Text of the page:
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HONG KONG — Theater operators in mainland China were ordered to cease scheduling screenings for The Croods on Thursday in a move largely seen as clearing space for already released local animation films and a state-backed Chinese blockbuster opening Saturday.
The DreamWorks Animation hit was originally slated to end its run June 24, but theater management received a verbally conveyed directive from the authorities at about 2 p.m. Thursday to stop screening the film from today onward, a Guangzhou-based cinema chain manager told The Hollywood Reporter on the condition of anonymity.
In the verbal directive resembling the one he received April 10 about cancelling screenings of Django Unchained — in which theater management was requested to even stop already-begun screenings — an official from the country’s film regulators told the manager to also refund customers who had bought tickets for advance screenings.
The manager said he was “not surprised” by the sudden request. “You just have to look at the box-office figures, and you understand why,” he added.
The Croods has been a towering success compared to the lackluster box-office returns of the three homegrown animation films released June 1. While the imported blockbuster has generated ticket sales of $63.7 million (391 million yuan) as of Thursday, the collective gross for local animations Happy Little Submarine 3: Rainbow Treasure, The Adventures of Sinbad 2013 and Kuiba 2 are less than $16.28 million (100 million yuan).
The Croods has proved to be a slow-burning success in China and was still generating healthy returns in the country in its seventh week. On Thursday, the film still had about 3,000 screenings, which amounted to roughly 5 percent of the total showings across the country for the day, according to figures from Chinese media information consultants Entgroup.
More impressively, the film has continuously had a high number of viewers per show. Entgroup’s statistics showed that the film generated an average of 12 customers per screening on Thursday, a figure not far behind the much more recently released Star Trek Into Darkness (15) and American Dreams in China (13). In contrast, the Chinese animation films were registering at most “five or six people” per show, the Guangzhou-based cinema manager told THR.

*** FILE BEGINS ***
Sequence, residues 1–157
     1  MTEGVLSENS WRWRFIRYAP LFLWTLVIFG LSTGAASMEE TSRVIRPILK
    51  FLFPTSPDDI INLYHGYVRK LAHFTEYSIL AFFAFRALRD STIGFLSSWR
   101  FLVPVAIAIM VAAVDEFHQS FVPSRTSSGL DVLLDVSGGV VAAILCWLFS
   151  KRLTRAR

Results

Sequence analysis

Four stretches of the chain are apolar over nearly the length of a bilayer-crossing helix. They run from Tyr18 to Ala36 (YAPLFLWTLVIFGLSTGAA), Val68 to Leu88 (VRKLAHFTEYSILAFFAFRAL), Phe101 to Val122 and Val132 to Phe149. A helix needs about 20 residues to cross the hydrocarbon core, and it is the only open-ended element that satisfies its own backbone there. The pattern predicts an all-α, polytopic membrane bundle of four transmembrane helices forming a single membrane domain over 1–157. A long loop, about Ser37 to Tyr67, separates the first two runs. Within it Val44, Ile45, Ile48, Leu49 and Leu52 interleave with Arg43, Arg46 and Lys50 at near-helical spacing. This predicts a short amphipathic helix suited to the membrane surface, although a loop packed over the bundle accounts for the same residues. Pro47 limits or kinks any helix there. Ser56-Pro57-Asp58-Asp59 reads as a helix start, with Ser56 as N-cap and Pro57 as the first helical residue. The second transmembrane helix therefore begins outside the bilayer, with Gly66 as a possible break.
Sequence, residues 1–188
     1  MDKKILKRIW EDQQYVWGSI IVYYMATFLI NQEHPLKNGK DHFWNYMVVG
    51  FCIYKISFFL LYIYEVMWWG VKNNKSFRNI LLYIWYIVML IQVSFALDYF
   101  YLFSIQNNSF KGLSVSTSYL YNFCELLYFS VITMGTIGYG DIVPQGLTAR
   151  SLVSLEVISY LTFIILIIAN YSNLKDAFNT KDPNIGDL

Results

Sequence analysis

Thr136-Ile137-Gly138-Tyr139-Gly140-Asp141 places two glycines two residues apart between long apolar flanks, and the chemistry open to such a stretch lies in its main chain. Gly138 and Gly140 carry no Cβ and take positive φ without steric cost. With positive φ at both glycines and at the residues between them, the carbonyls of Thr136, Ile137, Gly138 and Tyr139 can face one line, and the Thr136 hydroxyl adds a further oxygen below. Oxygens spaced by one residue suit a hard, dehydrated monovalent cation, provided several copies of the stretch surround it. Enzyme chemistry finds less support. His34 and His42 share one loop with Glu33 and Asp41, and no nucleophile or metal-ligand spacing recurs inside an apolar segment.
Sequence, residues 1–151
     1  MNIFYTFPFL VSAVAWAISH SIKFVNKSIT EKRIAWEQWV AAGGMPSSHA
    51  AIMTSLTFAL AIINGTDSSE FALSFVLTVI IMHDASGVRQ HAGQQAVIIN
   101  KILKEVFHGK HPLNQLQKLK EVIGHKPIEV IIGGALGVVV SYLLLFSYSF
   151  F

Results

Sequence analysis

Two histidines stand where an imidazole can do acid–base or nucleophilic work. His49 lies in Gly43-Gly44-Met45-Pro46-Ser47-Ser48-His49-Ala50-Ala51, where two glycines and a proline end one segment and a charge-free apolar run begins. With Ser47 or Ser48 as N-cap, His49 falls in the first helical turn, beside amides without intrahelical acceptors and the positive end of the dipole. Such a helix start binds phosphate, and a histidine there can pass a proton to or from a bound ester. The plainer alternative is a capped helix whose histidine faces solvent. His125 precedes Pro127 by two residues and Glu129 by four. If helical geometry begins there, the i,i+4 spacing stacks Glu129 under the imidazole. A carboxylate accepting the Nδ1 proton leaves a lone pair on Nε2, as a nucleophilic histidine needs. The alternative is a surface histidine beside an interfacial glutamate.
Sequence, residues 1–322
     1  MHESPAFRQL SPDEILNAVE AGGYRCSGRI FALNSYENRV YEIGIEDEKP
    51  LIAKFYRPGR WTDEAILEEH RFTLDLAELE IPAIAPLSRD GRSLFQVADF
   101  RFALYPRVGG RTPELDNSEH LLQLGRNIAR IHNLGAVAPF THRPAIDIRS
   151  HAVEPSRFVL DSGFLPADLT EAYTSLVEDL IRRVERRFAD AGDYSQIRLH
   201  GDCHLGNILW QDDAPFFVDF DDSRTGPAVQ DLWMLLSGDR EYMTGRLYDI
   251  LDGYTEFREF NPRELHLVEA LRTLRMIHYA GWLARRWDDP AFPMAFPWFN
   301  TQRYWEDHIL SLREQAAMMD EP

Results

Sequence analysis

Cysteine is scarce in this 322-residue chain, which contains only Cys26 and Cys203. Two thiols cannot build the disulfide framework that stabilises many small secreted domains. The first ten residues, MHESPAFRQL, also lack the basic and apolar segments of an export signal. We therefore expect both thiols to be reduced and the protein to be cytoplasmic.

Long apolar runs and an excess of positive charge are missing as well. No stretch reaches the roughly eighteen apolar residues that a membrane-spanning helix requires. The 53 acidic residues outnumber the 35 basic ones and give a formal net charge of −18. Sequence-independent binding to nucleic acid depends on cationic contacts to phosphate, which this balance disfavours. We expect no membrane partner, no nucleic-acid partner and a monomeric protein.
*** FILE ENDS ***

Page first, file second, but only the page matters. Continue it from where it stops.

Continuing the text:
Released in the country on April 20, The Croods was originally slated to end its run May 21. But the film’s swelling popularity – with earnings actually increasing rather than decreasing during the course of the first two weeks of its run, culminating in its third-week revenue of $20 million (122.7 million yuan) – led to the film getting a screening extension to June 21.
Chinese social media was abuzz with critical comments directed at China’s film regulators after news broke of the enforced termination of The Croods’ run in the country, with some speculating that the move was an effort to clear the way for local productions opening during the weekend.
Among the Chinese-language films to be released Saturday is Switch, a heist thriller starring Hong Kong’s Andy Lau, Taiwan’s Lin Chi-ling and mainland Chinese actress Zhang Jingzhu. The film now stands in a good position to make a killing at the box office as the country prepares for a three-day holiday break that runs from Monday (June 10) to Wednesday (June 12), with the Guangdong-based cinema manager telling THR that the film could expect to take up at least 30 percent of total screens in the country when it opens.
No Hollywood blockbusters were scheduled to open in China during the first three weeks of June. The Paramount-backed Star Trek Into Darkness was the most recent import to have taken its bow in the country on May 28, with Man of Steel scheduled to unspool June 20.
This Hollywood-free window mirrors the many occasions in recent years when the country’s film regulators cleared schedules of imports so as to allow local productions to have a clear run in theaters. Last year, The Dark Knight Rises and The Amazing Spider-Man were denied July release dates and forced to open during the same week in late August – a decision that led local fantasy blockbuster Painted Skin: Resurrection to generate a then record-breaking haul of $118.3 million (726.4 million yuan) at the Chinese box office.
The China Film Group, which distributes imported films and decides when they are to be released, was unavailable for comment Friday about the end of The Croods’ run. THR could not reach DreamWorks Animation for clarification on the matter, but company reps were quoted in the Chinese press as saying how the China Film Group and the official Film Bureau, rather than the producers themselves, are responsible for the scheduling of releases in the country.
Some Weibo users also pointed out how this intervention would again adversely affect China’s reputation as a film market, following the way Quentin Tarantino’s Django Unchained was first approved for release on April 10 and then taken off screens when the first screenings were already under way that day – with reports suggesting the country’s censors took issue with the film’s nudity and violence. Django was eventually re-edited and rereleased May 10 but flopped spectacularly, taking just $2.5 million during its monthlong run.
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